How to determine which view is the right view to use in Oracle?

Database views are a handy tool to help obfuscate complex joins from developers and analysts. However, knowing which view to use can be tricky, especially when faced with multiple views with similar-sounding names. After all, you don’t want to join various tables only to discover that all the information you needed was in just a single table. But how do you know which view has the data you are after and will allow you to get it with the minimum number of joins?

The DBMS_UTILITY.EXPAND_SQL_TEXT procedure expands any references to a view within a query, turning it into a subquery in the original statement that displays the full query text behind that view. This trick lets you see where and how the needed data will be retrieved.

Let’s look at an elementary example of this procedure in action, using a SELECT * statement on a view called SALES_V.

SET serveroutput ON 
DECLARE 
    l_clob CLOBBEGIN 
    dbms_utility.Expand_sql_text(input_sql_text => 'SELECT * FROM sales_v', output_sql_text => l_clob); 
    dbms_output.Put_line(l_clob)END/

The result of this procedure call is the following output.

SELECT "A1"."order_id" "ORDER_ID", 
       "A1"."time_id"  "TIME_ID", 
       "A1"."cust_id"  "CUST_ID", 
       "A1"."prod_id"  "PROD_ID" 
FROM   (SELECT "A3"."order_id" "ORDER_ID", 
               "A3"."time_id"  "TIME_ID", 
               "A3"."cust_id"  "CUST_ID",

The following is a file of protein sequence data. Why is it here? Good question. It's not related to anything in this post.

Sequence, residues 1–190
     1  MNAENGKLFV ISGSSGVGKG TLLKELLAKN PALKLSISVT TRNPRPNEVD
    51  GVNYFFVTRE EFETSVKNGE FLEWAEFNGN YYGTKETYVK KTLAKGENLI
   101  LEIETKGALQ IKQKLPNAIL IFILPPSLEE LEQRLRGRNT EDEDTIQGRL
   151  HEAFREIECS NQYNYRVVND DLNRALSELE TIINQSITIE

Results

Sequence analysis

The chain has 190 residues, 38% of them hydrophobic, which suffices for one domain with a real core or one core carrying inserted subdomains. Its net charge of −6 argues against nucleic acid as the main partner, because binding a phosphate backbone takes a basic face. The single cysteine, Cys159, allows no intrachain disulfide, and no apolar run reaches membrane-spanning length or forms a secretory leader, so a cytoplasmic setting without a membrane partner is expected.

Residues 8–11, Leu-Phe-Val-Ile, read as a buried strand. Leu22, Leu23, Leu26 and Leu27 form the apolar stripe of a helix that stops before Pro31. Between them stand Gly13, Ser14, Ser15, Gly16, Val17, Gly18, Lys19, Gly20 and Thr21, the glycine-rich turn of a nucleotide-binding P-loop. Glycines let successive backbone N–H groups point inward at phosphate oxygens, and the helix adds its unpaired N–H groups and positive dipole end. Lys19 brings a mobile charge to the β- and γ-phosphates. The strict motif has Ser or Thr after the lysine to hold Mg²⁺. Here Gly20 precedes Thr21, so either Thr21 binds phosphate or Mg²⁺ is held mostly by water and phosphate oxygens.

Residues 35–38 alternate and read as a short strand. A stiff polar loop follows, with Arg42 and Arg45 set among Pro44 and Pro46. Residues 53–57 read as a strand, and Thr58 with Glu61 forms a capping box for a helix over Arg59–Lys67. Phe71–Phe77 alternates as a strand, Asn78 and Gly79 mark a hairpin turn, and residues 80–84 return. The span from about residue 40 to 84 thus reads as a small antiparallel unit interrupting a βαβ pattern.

"A3"."prod_id"  "PROD_ID" 
        FROM   "SH"."sales" "A3", 
               "SH"."products" "A2" 
        WHERE  "A3"."prod_id" = "A2"."prod_id") "A1"

The subquery with the alias A1 above is the view definition for SALES_V.

It’s a simple two-table join between SALES (alias A3) and PRODUCTS (alias A2). Although the view only returns columns from the SALES table (A3), it does come with the overhead of a join. The execution plan for our simple SELECT * query below shows that.

PLAN_TABLE_OUTPUT                                                                          
__________________________________________________________________________________________ 
Plan hash VALUE: 2857462611                                                                
 
---------------------------------------------------------------------------------------    
| Id  | Operation                  | Name     | ROWS  | Bytes | Cost (%CPU)| TIME     |    
---------------------------------------------------------------------------------------    
|   0 | SELECT STATEMENT           |          |  9773 |   314K|     7   (0)| 00:00:01 |    
|*  1 |  HASH JOIN                 |          |  9773 |   314K|     7   (0)| 00:00:01 |    
|   2 |   TABLE ACCESS STORAGE FULL| PRODUCTS |  4999 | 29994 |     2   (0)| 00:00:01 |    
|   3 |   TABLE ACCESS STORAGE FULL| SALES    | 10000 |   263K|     5   (0)| 00:00:01 |    
---------------------------------------------------------------------------------------    
 
Predicate Information (IDENTIFIED BY operation id):                                        
---------------------------------------------------                                        
 
   1 - access("S"."PROD_ID"="P"."PROD_ID")

In this case, it would be best to find an alternative view that only accesses the SALES table or access the SALES table directly. Below is the plan for a direct select statement from the SALES table, and as you can see, the cost of this plan is lower.

EXPLAIN PLAN FOR
SELECT s.order_id, s.date_id, s.cust_id, s.product_id 
FROM sales s;
 
Explained.
 
SELECT * FROM TABLE(dbms_xplan.display());
 
PLAN_TABLE_OUTPUT                                                                      
______________________________________________________________________________________